My last blog entry was met with a lot of worried emails and phone calls, and I know that people are wondering if I am capable of staying calm in this frustrating, frustratingly helpless, world. Interestingly - it took this wave of concern, originating in friend and family observers halfway around the world, to lend some self-awareness to my situation. All this "firey" anger that I had felt for the first time (and also for the first time, had not been able to control) was clearly my response to things that I couldn't change. There were the taximen, with their bricks and their riots - I could do nothing to stop them, and yet I put myself in danger with loud and foolish actions, because I didn't understand their fragile balance of political weakness and physical power. I also had a risky night out, with scheming little boys and a dark parking lot chase - my response to a minor physical violation was infinitely more aggressive than it needed to be (turning and walking away would have been just fine), but it felt so good, for one split second, to punish a 5-year-old who thinks he can take something for himself by taking something from others. (I believed that I could scare away an entire future of thievery and rape by chasing him once. After the deed was done, though, I regretted my impulse and thought it rather stupid - and way too optimistic - to think that I can fight crime by running wildly through the dark.) And as for the lack of running water at work - it's a challenge, but not an insurmountable one; we make do with borrowed water, and the lab directors will eventually get around the paying the bills. In the meantime I will work on making a still of the lab's own, and maybe run some tests with boiled bottled water, etc., to see if we can come up with another source of good water. But I have decided to NOT step on the big men's and women's toes by collecting money; for as simple as it sounds right now to me, they are hesitant to give me permission for it, and I must believe that they make these choices for a reason. Whether their reason is right or wrong, it is not my choice to make - and if I keep trying to make all the choices for lab bosses, rioting taxi drivers, and young thieves in my 4 months here, I will surely be overwhelmed...pressured...frustrated...destabilized...crazy. The "crazy" that I felt last week was the loud, foolish, reckless kind that all the fous display - and I think I have begun to understand how this society drives people to insanity.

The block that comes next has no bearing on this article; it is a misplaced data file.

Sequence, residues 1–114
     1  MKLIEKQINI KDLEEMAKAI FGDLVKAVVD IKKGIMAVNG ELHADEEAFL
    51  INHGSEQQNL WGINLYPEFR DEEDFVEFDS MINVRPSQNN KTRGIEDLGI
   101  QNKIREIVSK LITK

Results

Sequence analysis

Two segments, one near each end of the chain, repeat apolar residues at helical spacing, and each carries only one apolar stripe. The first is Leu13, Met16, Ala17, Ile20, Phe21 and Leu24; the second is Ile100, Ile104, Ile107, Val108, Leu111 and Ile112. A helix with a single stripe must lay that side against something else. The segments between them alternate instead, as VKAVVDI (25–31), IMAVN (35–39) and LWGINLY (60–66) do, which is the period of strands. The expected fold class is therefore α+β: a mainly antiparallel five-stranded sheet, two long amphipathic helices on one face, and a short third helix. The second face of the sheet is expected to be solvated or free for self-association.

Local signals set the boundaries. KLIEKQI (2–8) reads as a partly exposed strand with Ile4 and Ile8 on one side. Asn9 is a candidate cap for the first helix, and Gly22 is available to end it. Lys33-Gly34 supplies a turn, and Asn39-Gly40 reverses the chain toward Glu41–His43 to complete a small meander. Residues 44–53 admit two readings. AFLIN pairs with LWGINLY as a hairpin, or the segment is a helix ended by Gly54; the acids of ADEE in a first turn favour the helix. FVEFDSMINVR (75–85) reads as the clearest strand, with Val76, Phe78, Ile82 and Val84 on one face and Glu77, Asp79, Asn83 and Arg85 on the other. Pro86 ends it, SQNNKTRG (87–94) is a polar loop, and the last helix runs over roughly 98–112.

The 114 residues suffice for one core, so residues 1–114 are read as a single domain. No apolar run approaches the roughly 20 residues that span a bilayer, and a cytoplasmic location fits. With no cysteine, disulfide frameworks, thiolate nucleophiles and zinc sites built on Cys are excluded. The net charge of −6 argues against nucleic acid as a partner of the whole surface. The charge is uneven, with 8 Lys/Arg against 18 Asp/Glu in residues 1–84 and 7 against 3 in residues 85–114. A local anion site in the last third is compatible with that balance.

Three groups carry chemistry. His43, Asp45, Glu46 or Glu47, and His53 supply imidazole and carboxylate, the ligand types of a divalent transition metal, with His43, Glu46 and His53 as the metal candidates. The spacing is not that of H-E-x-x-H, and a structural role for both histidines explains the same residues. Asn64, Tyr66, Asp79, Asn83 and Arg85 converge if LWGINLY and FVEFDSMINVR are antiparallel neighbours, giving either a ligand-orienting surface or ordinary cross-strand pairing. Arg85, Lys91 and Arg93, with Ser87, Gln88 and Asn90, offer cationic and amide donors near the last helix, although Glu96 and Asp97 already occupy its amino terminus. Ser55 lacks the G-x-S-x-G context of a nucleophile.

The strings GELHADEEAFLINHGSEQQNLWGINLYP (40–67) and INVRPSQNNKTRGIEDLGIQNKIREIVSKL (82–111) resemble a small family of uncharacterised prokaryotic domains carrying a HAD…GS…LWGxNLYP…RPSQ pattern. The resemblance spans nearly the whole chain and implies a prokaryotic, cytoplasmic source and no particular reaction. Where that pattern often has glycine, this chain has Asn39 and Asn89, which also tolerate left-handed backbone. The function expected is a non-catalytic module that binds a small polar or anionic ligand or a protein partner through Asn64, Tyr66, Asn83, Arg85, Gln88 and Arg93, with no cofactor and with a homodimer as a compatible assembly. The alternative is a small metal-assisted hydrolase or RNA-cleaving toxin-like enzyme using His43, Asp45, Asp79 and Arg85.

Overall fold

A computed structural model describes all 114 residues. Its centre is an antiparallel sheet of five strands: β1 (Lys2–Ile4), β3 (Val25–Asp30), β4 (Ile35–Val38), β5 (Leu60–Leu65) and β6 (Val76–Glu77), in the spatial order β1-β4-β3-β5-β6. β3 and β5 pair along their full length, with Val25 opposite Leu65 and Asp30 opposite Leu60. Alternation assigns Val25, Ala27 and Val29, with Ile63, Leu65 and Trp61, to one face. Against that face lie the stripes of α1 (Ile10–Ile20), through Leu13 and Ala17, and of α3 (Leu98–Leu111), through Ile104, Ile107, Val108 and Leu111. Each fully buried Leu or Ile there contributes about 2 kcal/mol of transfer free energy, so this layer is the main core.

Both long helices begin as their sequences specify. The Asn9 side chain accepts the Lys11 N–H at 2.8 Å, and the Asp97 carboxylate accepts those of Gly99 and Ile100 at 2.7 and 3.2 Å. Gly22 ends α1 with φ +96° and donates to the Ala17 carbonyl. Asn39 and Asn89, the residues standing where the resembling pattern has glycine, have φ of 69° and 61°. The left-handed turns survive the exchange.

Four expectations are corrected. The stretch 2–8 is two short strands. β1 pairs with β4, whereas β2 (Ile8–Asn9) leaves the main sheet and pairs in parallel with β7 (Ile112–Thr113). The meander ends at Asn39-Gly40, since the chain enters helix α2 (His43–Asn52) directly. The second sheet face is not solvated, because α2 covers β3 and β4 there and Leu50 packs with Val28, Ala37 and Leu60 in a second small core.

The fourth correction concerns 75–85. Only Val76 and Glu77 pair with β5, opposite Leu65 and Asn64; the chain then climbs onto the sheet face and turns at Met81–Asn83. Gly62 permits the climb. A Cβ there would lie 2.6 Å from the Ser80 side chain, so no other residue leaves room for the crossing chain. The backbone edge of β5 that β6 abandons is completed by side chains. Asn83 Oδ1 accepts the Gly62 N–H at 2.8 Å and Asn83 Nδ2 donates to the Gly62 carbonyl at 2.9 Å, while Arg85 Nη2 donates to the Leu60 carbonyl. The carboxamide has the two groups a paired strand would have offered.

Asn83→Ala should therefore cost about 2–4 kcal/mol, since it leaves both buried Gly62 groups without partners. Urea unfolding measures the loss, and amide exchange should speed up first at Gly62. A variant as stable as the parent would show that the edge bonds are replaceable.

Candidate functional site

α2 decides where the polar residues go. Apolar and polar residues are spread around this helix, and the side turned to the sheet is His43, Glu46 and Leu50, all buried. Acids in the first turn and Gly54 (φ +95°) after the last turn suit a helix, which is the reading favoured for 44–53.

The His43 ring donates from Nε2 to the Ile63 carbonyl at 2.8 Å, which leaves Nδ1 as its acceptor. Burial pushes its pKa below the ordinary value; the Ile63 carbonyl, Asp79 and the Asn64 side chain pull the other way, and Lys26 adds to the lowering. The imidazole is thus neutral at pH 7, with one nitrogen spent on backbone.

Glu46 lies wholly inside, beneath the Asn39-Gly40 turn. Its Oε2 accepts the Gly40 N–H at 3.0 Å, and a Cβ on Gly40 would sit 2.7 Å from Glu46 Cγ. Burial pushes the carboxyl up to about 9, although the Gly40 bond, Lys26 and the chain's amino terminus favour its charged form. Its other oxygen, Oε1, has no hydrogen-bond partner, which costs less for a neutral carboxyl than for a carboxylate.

The fact that there are so many fous indicates that the problem is rampant (more than in the U.S., at least), and that they are all adults suggests that the madness takes hold later in life - it is not innate, but developed. All signs point towrd a cultural specificity and etiology! I would like to track the madness through people's years, to talk to fous and find out where they come from, what they do, how and when their lives changed...but since I'm trying to avoid risks and insanity myself, perhaps interviews with the least understood, most feared members of society would not be a prudent independent research undertaking.

Well...I may not have the slightest hope of finding the order to this country; but it breeds a madness so simple, uniform, and accessible, that I might be beginning to understand at least how the disorder spreads.